Affectionate docu portrait “New York Doll” takes a look at Arthur “Killer” Kane, erstwhile bassist for legendary proto-punk band New York Dolls whose surprising later life revolved around humble servitude in the Church of Latterday Saints. While a definitive portrait of that outfit’s short life & crazy times remains to be made, current pic is a charmer whose lack of profane language or images renders it unexpectedly viable for general broadcast.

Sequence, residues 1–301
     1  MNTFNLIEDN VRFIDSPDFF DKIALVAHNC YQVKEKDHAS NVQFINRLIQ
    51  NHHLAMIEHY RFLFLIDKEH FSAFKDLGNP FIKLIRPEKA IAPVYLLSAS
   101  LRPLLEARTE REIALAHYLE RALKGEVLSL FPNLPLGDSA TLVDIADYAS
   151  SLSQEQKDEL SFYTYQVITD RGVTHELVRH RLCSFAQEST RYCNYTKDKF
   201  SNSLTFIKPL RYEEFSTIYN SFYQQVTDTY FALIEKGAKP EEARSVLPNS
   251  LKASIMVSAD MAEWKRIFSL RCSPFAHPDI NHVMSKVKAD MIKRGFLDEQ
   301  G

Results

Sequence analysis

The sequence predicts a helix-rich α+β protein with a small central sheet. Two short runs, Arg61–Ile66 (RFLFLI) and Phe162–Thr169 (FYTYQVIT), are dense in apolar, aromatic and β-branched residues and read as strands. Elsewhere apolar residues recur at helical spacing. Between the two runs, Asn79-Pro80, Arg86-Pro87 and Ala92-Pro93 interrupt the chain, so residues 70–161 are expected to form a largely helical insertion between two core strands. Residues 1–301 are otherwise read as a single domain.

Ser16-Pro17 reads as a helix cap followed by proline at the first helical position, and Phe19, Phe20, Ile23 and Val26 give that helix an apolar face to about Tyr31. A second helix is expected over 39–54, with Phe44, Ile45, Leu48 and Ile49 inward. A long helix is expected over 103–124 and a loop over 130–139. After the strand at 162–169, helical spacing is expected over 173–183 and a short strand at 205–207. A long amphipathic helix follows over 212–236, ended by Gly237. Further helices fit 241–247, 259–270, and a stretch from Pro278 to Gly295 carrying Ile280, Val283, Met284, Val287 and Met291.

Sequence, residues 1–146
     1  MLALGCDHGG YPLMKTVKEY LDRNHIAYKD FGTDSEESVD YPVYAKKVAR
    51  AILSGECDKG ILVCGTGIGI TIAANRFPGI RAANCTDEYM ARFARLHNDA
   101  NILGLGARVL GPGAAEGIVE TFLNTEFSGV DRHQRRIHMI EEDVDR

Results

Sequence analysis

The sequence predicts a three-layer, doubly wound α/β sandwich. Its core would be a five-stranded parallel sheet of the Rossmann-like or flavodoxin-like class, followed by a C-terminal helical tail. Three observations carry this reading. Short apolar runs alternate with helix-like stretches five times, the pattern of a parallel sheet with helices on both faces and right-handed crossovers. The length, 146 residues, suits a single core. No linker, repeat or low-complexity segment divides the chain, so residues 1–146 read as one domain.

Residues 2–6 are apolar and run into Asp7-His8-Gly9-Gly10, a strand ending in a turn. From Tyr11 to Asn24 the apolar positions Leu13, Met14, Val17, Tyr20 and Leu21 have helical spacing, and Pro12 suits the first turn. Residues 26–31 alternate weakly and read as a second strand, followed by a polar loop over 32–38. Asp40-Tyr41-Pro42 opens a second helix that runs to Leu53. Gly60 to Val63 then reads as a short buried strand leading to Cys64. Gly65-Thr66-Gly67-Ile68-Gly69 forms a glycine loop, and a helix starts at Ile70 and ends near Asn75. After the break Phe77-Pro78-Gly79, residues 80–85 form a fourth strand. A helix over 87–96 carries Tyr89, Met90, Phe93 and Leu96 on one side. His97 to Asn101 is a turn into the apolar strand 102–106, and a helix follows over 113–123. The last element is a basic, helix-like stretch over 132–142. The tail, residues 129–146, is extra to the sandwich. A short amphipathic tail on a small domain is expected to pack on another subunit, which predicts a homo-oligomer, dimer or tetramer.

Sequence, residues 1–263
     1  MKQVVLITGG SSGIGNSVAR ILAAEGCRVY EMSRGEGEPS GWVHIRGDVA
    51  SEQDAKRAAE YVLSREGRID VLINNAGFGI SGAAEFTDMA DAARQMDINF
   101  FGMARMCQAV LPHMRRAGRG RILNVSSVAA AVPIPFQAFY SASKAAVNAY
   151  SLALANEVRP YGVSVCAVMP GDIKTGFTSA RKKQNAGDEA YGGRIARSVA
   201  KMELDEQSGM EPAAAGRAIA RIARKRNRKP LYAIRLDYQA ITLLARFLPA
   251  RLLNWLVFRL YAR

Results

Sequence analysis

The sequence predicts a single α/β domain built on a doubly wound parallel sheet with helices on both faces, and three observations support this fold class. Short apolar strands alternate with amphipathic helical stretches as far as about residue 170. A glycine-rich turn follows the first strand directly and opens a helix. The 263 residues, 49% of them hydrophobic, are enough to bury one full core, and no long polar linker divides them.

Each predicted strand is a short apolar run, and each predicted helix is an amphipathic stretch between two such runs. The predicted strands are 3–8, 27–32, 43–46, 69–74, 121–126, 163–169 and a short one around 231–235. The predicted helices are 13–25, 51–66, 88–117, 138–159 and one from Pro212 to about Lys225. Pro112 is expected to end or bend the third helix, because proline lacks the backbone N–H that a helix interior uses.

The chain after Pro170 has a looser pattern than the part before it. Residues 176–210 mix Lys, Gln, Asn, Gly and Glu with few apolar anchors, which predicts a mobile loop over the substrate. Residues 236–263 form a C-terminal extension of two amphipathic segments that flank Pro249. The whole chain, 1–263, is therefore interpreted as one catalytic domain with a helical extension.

Skimming too briefly if effectively over the Doll’s original early-to-mid-’70s career as a shocking audiovisual presence — their look one-step-beyond glitter transsexuality, their sound a raucous garage noise — pic focuses mostly on Kane’s days after his brush with stardom. Hitting the alcoholic, suicidal bottom, he rebounded thanks to Mormon conversion, working for years at L.A.’s LDS Family Library. Yet he felt his musical career was unfulfilled. In 2004, shortly before his death, an invitation from diehard fan Morrissey resulted in the reunion of surviving Dolls (three had already died) for one acclaimed London festival gig. Kane’s unguarded, eccentric personality drives this bittersweet memento of a life long enough to come satisfyingly full-circle.